Interior Flooring

Easy-Care Entryway: Replacing Carpet with Tile

Donna Boyle Schwartz Avatar
Removing the carpet to exposed concrete subfloor.

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You never know why a previous homeowner made the decorating decisions they did, but sometimes you just have to scratch your head and wonder why in the world they chose a particular paint color, wallpaper, or floor covering.

Our entry hallways perfectly illustrate this point. For some inexplicable reason, both the front and side entryways to our house were carpeted—and the carpet was always a mess.

Related: Subway Tiles: The New Classics

We experimented with a variety of doormats, both inside and outside the doors. And over the years, we’ve enjoyed a fair number of attractive and whimsical looks, including my favorite, a coir mat that said, “Go Away!”

But even the best doormats can’t keep up with the combined effects of rainwater, snow, ice, dirt, grass and grit.

The final straw came when a section of carpet actually ripped. We decided the time had come to remove the carpet and find an easier-care alternative. The first step was removing the carpet and determining the condition of the floor. Surprisingly, the concrete slab under the carpeting was in very good shape—smooth and level—so we turned our attention to floor coverings.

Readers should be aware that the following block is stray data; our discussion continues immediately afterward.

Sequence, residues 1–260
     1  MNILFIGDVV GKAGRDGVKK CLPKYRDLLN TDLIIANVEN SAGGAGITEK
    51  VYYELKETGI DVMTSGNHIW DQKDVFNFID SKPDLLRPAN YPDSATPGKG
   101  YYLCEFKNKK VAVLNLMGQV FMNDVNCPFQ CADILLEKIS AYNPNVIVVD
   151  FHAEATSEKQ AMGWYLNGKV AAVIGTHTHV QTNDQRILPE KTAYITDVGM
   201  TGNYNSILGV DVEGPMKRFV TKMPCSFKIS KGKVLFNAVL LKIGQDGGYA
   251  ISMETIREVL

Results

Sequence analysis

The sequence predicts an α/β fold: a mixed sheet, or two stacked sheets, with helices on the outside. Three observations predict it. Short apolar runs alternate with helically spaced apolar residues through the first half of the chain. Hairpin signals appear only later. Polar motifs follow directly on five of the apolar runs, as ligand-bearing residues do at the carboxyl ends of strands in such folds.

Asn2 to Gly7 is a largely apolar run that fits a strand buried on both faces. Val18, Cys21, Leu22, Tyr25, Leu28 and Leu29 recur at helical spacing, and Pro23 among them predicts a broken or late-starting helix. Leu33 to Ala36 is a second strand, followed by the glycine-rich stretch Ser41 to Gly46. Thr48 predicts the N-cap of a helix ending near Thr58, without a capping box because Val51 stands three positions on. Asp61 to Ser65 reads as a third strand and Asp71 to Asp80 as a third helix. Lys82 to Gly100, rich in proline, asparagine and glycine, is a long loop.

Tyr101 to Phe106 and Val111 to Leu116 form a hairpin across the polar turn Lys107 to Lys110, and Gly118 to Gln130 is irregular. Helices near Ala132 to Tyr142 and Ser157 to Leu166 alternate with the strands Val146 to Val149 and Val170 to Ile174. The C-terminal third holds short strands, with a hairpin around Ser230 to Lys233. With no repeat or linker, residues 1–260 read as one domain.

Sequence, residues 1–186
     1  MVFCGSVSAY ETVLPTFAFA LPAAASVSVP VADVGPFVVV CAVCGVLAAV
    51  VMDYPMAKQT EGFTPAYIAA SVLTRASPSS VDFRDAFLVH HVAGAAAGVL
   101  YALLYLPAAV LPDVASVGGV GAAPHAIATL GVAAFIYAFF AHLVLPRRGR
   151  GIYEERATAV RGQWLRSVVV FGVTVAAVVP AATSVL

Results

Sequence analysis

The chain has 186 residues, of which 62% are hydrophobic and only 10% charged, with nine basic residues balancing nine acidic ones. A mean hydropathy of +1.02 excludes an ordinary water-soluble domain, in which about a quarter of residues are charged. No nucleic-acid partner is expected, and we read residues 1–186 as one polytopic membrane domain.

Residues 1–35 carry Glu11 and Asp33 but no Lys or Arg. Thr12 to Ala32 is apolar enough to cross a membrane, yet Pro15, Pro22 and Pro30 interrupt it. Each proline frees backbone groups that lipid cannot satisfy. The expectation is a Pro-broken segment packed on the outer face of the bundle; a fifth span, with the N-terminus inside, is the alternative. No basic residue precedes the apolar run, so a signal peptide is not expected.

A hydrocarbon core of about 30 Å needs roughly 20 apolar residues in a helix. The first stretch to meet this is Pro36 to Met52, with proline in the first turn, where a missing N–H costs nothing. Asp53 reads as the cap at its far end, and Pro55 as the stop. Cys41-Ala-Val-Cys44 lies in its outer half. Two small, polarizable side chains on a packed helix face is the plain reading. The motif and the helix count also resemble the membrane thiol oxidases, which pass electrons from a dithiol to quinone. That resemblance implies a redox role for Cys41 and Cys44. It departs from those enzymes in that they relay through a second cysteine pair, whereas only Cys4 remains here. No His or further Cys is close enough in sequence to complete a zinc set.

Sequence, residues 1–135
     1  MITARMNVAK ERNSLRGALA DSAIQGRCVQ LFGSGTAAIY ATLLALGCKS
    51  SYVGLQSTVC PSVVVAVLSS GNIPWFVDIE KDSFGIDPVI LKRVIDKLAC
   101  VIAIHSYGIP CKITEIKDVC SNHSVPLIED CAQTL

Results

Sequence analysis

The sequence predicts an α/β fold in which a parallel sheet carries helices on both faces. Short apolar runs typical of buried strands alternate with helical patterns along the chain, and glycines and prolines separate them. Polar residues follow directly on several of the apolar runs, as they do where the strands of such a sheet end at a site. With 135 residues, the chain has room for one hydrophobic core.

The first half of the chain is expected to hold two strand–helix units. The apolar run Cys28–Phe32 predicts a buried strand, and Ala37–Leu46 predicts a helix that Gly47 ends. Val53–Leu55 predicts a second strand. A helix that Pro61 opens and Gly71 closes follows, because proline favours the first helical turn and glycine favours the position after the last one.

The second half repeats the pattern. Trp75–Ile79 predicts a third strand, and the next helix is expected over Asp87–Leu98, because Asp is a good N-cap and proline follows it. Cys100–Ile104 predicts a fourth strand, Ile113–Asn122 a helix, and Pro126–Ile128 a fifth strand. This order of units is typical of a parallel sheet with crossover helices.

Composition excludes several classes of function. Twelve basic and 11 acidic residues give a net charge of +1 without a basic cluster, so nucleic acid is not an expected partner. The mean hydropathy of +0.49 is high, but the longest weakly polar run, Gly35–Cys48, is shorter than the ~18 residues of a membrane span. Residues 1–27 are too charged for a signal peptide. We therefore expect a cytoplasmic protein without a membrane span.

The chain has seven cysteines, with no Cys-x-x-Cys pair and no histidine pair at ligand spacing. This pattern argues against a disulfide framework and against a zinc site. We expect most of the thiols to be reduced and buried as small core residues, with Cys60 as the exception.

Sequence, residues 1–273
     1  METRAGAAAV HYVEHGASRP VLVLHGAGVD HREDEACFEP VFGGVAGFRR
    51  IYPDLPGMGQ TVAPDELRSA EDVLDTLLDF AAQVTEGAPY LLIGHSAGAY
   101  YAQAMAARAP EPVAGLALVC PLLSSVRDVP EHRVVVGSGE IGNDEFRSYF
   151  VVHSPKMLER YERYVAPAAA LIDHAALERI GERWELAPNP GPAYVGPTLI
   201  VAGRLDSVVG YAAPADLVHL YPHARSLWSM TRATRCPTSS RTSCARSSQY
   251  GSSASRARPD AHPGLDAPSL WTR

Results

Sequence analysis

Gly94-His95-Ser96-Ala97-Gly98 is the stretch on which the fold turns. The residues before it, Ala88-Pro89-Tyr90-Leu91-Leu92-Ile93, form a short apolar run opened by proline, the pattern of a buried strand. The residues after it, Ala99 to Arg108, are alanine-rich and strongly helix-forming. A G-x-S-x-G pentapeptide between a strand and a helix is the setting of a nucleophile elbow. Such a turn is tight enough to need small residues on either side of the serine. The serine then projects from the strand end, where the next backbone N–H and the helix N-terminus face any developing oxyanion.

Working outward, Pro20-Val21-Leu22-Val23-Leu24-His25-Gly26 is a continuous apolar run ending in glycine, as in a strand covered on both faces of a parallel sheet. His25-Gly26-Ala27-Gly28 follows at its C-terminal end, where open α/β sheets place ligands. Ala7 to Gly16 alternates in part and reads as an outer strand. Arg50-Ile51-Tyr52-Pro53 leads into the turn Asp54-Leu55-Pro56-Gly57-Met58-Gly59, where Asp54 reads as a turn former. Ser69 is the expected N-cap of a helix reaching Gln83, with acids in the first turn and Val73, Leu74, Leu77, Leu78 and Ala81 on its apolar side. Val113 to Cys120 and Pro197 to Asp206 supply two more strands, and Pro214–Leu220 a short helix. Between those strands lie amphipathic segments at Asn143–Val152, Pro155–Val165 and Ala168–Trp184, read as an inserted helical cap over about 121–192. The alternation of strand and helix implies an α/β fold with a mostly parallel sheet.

We considered hardwood flooring and laminate options but decided we wanted something that would stand up better to moisture and dirt. Then we looked at both self-adhesive vinyl tiles and sheet vinyl. Both would have been easy to install, inexpensive, and fairly durable.

But even though there are a wide variety of fashionable designs and colors available in vinyl, we were concerned about the long-term durability of these options, so we decided to go with a harder surface.

Next, we looked into natural stone tiles, which are extremely durable and stand up well to foot traffic. The natural stone, which offered appealing color variations and a lovely appearance, was also pretty pricey. Also, due to the fact that we were dealing with a small area, the natural stone seemed to overwhelm the space. Ultimately we decided against it.

For a lower price, we were able to achieve a similar natural look with ceramic tile. Ceramic tile boasts superior durability and a sophisticated look. At the same time, maintenance is a breeze. A quick sweep gets rid of the surface dirt and dust, while an occasional damp mop will eliminate tracked-in mud.

We chose ceramic tile with a faux marble design in a neutral grayish hue to simulate the look of natural stone.


Installation was fairly simple, since we were installing the ceramic tile over a concrete floor. We thoroughly cleaned the concrete and then put down a layer of leveling compound. Once that dried, we measured to find the center of the floor and snapped chalk lines.

Next we did a rough layout on the tiles and shifted the center line slightly to minimize cutting along the edges. We re-did our chalk lines and started placing the tile (working from the center out to the walls). Between the tiles, we placed small plastic spacers to make sure the lines were straight and the tiles were evenly placed.

Once the tile had set and cured, we accented it with a pearly gray grout. As an added indulgence, we selected a real marble “saddle” to separate the entryway from the adjoining room, putting a final, fashionable finish on the project.

We now have a much more attractive, durable and easy-care floor covering in our entry hall—and we no longer have to buy stock in a doormat company.

For more on flooring, consider:

How To: Choose Tile
Choosing the Right Floor Covering
Vinyl Flooring Installation (VIDEO)